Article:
:: Article

Strait Street

By Paul Kavanagh.

Henry did his best to keep up with Jason. Jason had said he knew the way to the harbour. They had been drinking in Larry’s bar. Henry had two whiskeys. Jason drank beer he told Henry he could not handle whiskey with the heat. Henry could not hear the sea. Jason‘s excitement about seeing the sea could be read in his hurried gait. Upon Henry’s brow sweat had started to congregate. Henry did his best to keep up with Jason. He would have caught up with Jason had not anger flared up.

A cat stopped looked at the two men and hurried on.

Jason stopped. Henry caught up to Jason. The anger that had flared up subsided.

Continue, said Jason.

The cat was a stray. In the paper there had been a report about the stray cats being poisoned. There was a warning about entering the public gardens. Supposedly dead stray cats were everywhere in the public gardens.

Where was I, said Henry.

Tragedy, said Jason.

Henry wiped the sweat off his brow. The heat had been known to cause temporary amnesia. There was no relief in the shade. Henry looked heavenward, not a cloud.

Tragedy is complete. Comedy is incomplete, said Henry.

A car’s horn blared loudly. In the rain there were plenty of car crashes. Jason thought it was fun to ride the buses in the rain. If the bus went so far as Armier Bay Jason did not think about the return journey.  Henry once caught Jason inspecting the wheels of a bus.

Tragedy is complete. Comedy is incomplete, said Jason.

Yes, said Henry.

Jason laughed. It was not a mocking laugh. Henry smiled.

A man falling down is comedy. A man falling down is incomplete, said Henry.

It was approaching siesta time. Henry yawned. Jason hated siesta time; he could not comprehend the need to sleep during the day.

A man falling down dead is tragedy, said Jason.

Yes, said Henry.

Jason needed water. If they did not hurry the shops would be closed for siesta time. Henry rolled up his shirt sleeves.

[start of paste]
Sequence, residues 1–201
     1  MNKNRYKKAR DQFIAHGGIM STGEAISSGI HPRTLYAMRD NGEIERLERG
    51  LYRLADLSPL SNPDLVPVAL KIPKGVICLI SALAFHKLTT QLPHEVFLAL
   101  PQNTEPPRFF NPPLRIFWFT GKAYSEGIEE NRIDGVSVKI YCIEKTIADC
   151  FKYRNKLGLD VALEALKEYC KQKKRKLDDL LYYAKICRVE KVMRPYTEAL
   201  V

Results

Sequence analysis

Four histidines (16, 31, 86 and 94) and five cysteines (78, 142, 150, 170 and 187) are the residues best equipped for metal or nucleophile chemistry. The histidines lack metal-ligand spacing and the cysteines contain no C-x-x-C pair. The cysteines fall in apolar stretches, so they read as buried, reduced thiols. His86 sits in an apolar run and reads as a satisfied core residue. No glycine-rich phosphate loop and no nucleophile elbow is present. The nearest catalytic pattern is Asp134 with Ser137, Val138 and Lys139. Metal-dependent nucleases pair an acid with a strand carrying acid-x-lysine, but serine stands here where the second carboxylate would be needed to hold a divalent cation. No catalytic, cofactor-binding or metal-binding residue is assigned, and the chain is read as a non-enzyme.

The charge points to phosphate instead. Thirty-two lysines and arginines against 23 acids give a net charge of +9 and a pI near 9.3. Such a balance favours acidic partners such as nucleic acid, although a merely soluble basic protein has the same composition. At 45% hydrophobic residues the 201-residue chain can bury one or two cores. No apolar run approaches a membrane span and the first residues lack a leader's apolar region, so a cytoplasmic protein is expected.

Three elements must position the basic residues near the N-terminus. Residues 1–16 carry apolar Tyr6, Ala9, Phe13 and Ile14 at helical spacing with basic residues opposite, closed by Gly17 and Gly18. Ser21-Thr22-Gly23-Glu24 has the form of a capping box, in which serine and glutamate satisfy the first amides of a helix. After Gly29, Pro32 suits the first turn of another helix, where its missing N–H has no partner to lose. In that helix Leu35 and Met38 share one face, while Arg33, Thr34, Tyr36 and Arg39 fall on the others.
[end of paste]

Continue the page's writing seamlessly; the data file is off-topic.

His shirt was discolored with sweat.

A man falling down dead is complete. The complete is concrete. The incomplete is not concrete, said Henry.

The air was filled with salt. A bead of sweat stabbed Jason on the bottom lip. With his thumb he inspected the stab wound for blood. There was no sign of blood.

The incomplete will become complete. The complete will become incomplete, said Henry.

Henry watched Jason lick his bottom lip. Henry did not want to drink. It had been Jason’s idea to go to Larry’s bar. Henry did not like drinking during the day. Drinking during the day left Henry sleepy. For the rest of day after drinking Henry only wanted to sleep.

The incomplete is not beautiful. The complete is beautiful, said Henry.

What was that you were saying, said Jason.

I could do with a cigarette, said Henry.

Whiskey made Henry smoke.

Jason handed Henry a cigarette. A lace of smoke briefly obscured Henry’s face. Behind it Henry yawned.

It had been Jason’s idea to catch the bus. Henry had wanted to call a taxi, but Jason had been steadfast about the idea of catching a bus.

It was Henry’s idea to get out of the rain. Jason paid for the bus tickets. Jason sat down, he was smirking.

The incomplete is not beautiful. The complete is beautiful, said Henry.

The rain tapped on the window like child begging for money. Henry felt a chill. Jason gripped the edge of the seat. The bus was empty. It was now siesta time. The bus driver yawned.

Death is complete. Life is incomplete, said Henry.

Carry on, said Jason.

Hello is incomplete. Goodbye is complete, said Henry.

Henry stood up. Jason smiled. Jason followed Henry off the bus. The bus driver did not notice the two men leaving the bus. The bus pulled away without Henry and Jason.

Larry’s bar was still open. Henry and Jason sat at a table. Jason stood up and went to the bar. Jason sat back down, he was smirking. Henry took a tentative sip of the whiskey.

Henry wished he had ordered a hot cup of tea.

Carry on, said Jason.

Boethius’s wheel is complete. The pain is incomplete, said Henry.

The man behind the bar looked as though he was sleeping.

The man was not Larry. Larry was dead.

Henry wanted to go back to the hotel and sleep. Jason saw a long night a head of him. Jason quickly finished his drink.

Tell me about the fight last night, said Henry.

Jason laughed loudly.

Well a Maltese man smacked a German girl in the mouth. The German girl was knocked out. I asked the Maltese man why he had knocked the German girl out. The Maltese man told me to go away before he knocked me out. I slapped the Maltese man across the face. The Maltese man was in total shock. I slapped the Maltese man again across the other cheek. The only reply the Maltese man had was to drop his trousers and show me a tattoo he had upon his inner thigh.

What was the tattoo of, said Henry.

Daffy Duck, said Jason.

Strait Street was once a busy street lifted with jazz music. Sailors got wild and drunk and visited the street hoping to pick up girls. There were once many brothels. Jason longed for the jazz, the wild sailors and the pretty girls.

Paul Kavanagh has been published in Sleeping FishBurnside Review, Fifth Wednesday Journal, American Drivel ReviewPen Pusher, Year of the Thief, Better Non Sequitur and Marginalia. Soon to be in Evergreen Review and Upstairs at Duroc.

First published in 3:AM Magazine: Friday, April 17th, 2009.